Authors

Victoria E. Mohr '15, Gettysburg College

Document Type

Student Research Paper

Date of Creation

Fall 2014

Department

Interdisciplinary Studies

Abstract

Many states in the Arab world have undertaken wide-ranging family planning polices in the last two decades in an effort to curb high fertility rates. Oman and Morocco are two such countries, and their policies have had significantly different results. Morocco experienced a swift drop in fertility rates, whereas Oman’s fertility has declined much more slowly over several decades. Many point to the more conservative religious and cultural context of Oman for their high fertility rates, however economics and the state of biomedical health care often present a more compelling argument for the distinct differences between Omani and Moroccan family size. While many explanations exist for inconsistencies in fertility trends, integrating these explanations into a cohesive whole allows us to see women as rational actors who make the best choices for their own context. This paper synthesizes existing literature on religion, culture, medicine and economics with field experience to comprehensively examine the multifaceted fertility decision making process of women and couples in Morocco and Oman.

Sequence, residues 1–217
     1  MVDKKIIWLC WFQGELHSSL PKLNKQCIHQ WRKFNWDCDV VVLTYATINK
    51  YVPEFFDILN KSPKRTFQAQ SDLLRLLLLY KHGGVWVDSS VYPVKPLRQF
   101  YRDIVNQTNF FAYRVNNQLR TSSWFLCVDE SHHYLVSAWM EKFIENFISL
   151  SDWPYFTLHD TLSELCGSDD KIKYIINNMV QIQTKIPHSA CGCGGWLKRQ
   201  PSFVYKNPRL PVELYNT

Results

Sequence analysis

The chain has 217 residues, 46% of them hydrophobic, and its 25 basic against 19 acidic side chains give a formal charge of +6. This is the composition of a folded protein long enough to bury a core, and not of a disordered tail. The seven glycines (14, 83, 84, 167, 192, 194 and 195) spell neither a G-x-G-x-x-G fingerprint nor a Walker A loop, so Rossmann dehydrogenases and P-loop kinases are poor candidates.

Comments

Capstone Project for an Individual Major in Mid East Language, Culture, and Conflict